Hundreds of examples from all over the world show how the collaborative advantage complements an organization's competitive advantage.

Collaboration experiences between social and economic agents in the world proliferate.  Co-society® compiles and documents these examples, especially those from businesses, to discover the conditions under which collaboration brings advantages other than simply competition. The focus is on revealing the rules of the collaborative advantage in the face of the competitive advantage.  

The results of our observations of co-experiences can be accessed on our blog, in our books and also at our conferences and workshops

See a summary of the advantage of business collaboration in this article we wrote for the Spanish edition of Harvard Business Review. 


On our blog, you can see hundreds of examples of collaboration, co-innovation and co-businesses that are popping up around the world. Aside from our team’s systematic exploration, fellows and partners all over the world contribute examples of co-businesses that are emerging in different sectors.




This book gathers 50 ideas and examples of why the world is becoming a co-world. As a species, we either collaborate or perish, and the same is true for societies. Let’s prepare to witness a revolution in which we are the protagonists. The road to a collaborative society and economy is inevitable. The alternative is failure.

A powerful, yet hardly perceptible change is leading us from the unproductive dead end of individualistic consumer culture to the power of group collaboration. Twenty years after the fall of the Berlin Wall, as we wade through the depths of a financial crisis, collaborative, cross-sector projects are making an impact and standing out.

The power of multiplying assets that already coexist in our system is evident personally (collaborative consumption), organizationally (business intersections) and socially (activism). In an era of fascination with networks (the Internet, social networking, globalization), the key is realizing that connections matter more than the connector.



During the last four years Co-society® has actively searched and shared the best examples of business collaboration from all over the globe. Companies of seemingly unrelated industries are asking themselves new questions and developing new products and services. These companies are seeing first-hand the innovation that is created when two heads come together. As it is clear that innovative ideas arise from chance meetings between companies, there is a need for a system to facilitate these connections.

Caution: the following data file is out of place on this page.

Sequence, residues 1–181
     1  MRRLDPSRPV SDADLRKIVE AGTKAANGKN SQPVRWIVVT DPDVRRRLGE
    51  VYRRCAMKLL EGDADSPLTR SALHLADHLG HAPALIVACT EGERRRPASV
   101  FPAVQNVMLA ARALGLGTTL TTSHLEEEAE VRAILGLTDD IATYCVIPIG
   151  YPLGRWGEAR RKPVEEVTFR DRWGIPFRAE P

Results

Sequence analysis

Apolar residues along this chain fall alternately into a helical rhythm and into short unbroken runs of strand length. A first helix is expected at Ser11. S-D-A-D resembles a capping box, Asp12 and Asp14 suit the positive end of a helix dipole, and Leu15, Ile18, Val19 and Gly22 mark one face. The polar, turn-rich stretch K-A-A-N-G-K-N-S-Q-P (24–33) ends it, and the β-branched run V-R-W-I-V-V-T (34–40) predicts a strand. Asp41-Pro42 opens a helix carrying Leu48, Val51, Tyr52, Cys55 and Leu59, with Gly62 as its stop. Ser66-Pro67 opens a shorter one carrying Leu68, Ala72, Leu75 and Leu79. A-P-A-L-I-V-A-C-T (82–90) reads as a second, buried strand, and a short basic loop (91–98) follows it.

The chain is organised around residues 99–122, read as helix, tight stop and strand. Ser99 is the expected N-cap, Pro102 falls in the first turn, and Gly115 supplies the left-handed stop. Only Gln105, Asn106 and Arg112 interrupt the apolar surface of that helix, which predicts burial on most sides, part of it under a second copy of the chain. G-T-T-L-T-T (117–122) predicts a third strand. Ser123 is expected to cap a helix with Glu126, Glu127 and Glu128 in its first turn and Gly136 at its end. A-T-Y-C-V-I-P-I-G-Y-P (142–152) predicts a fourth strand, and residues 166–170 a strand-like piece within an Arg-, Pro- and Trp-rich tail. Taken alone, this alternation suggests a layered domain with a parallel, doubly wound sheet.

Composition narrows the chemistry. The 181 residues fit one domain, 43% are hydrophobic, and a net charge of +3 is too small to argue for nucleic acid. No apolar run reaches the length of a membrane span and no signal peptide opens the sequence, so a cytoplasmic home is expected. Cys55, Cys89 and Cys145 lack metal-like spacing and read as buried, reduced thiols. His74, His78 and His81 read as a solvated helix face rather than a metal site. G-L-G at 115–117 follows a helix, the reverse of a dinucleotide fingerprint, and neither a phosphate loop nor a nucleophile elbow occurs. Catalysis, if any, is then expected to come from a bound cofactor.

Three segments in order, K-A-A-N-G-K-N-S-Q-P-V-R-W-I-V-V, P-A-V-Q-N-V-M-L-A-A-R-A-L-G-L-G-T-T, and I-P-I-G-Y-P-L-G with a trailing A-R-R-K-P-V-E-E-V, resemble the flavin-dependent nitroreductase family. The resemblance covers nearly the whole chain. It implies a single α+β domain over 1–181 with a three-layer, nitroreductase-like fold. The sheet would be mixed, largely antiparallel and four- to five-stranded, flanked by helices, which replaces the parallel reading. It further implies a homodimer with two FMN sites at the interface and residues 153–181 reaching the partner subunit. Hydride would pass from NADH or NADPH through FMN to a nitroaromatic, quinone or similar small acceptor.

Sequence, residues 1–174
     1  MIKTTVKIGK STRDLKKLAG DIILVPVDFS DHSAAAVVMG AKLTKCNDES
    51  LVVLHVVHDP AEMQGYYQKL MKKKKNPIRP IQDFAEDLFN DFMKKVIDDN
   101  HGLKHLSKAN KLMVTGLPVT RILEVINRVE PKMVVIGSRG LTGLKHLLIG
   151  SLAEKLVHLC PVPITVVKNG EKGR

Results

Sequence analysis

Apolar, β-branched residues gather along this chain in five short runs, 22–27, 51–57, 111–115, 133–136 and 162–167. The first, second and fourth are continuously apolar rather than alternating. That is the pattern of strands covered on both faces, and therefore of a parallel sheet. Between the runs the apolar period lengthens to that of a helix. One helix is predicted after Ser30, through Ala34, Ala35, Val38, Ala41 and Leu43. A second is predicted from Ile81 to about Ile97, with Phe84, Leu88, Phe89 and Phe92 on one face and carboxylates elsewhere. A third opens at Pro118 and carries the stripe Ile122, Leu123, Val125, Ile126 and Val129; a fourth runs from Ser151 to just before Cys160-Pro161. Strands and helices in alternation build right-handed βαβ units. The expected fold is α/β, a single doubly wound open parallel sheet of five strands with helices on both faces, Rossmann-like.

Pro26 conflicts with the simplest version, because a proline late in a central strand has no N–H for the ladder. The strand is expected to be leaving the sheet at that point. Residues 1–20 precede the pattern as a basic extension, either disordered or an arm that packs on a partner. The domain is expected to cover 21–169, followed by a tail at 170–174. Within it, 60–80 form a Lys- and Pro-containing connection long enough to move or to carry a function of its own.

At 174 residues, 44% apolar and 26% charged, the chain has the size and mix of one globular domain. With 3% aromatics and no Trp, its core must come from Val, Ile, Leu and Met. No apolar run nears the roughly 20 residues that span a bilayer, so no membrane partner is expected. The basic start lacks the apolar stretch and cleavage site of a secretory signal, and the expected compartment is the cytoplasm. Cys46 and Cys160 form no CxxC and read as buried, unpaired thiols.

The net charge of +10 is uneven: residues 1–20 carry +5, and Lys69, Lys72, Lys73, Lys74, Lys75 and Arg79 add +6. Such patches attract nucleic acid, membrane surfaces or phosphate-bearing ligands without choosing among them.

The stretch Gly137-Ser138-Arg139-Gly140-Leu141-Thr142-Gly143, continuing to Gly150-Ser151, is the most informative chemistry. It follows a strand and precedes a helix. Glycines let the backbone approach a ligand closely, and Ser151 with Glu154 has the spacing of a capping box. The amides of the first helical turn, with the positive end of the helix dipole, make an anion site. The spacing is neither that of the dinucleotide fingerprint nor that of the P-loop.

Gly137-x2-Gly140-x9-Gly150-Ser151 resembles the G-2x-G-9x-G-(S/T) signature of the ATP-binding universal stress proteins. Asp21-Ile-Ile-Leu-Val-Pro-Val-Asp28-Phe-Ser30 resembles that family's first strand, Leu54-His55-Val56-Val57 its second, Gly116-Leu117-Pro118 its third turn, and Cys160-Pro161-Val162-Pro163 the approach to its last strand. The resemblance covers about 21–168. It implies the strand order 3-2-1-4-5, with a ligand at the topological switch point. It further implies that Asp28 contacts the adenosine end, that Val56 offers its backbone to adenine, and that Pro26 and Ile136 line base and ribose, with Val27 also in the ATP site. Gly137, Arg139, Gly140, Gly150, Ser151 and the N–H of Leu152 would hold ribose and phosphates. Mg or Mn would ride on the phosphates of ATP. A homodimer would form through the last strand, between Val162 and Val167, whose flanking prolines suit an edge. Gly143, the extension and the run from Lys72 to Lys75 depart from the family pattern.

We have taken the model to other countries, many of which are already starting their own co-societies. An array of businesses, from start-ups to well-established companies have chosen to collaborate because two heads are better than one. This adventure is not free of difficulty, but when working together the possibilities of a project are magnified; sharing resources and expertise multiplies innovative potential. The most adventurous, and tenacious individuals are combining their talent and resources to bring innovation to all facets of business. The audacity to collaborate is becoming a decisive factor in the prospects of all companies. We focus on 50 companies who have already taken the leap towards a co-future.



35 Reasons for Business Collaboration (and almost 100 case studies to show you how) summarises the topics from the Co-Society blog (www.co-society.com), where dozens of examples of innovative collaboration from all over the world have been documented in nearly 150 entries over the last three years. The 35 most compelling case studies have been chosen to show how and why to use collaborative innovation in five different points of engagement: Innovation, Marketing, Operations,R&D and Public Administration.



The experience of combining the strengths of businesses from different sectors with the goal of collaborative innovation shows the potential of this approach to innovation. The context seems to indicate that the main reason to co-innovate is that market demands are too complex to be resolved without collaborating. So, the competitive advantage in businesses would complement the collaborative advantage in innovation. On the other hand, this collaborative innovation might help generate the employment that the economy will need to create over the next few decades. But to innovate collaboratively a system, tools and the decided participation of organizations’ CEOs is required. We must train for this possible future and that is the aim of Co-society.





In the last century, the business world has been dominated by the need for a competitive advantage; however, in recent years collaborative advantage has emerged as a powerful resource. Companies are creating hybrid products and benefiting from the  collaborative experience.

The future of business is in co-: collaboration, co-creation and coordination.  Companies are combining their abilities to generate new products and services. Co-society® is the network aimed to maximize these co-opportunities.  We’re creating the conditions under which teams of passionate innovation professionals in different sectors can combine their assets and skills to create projects that were impossible in the marketplace of the past.  This seminar gives dozens of examples of the how, what  and why of collaborative innovation in business.


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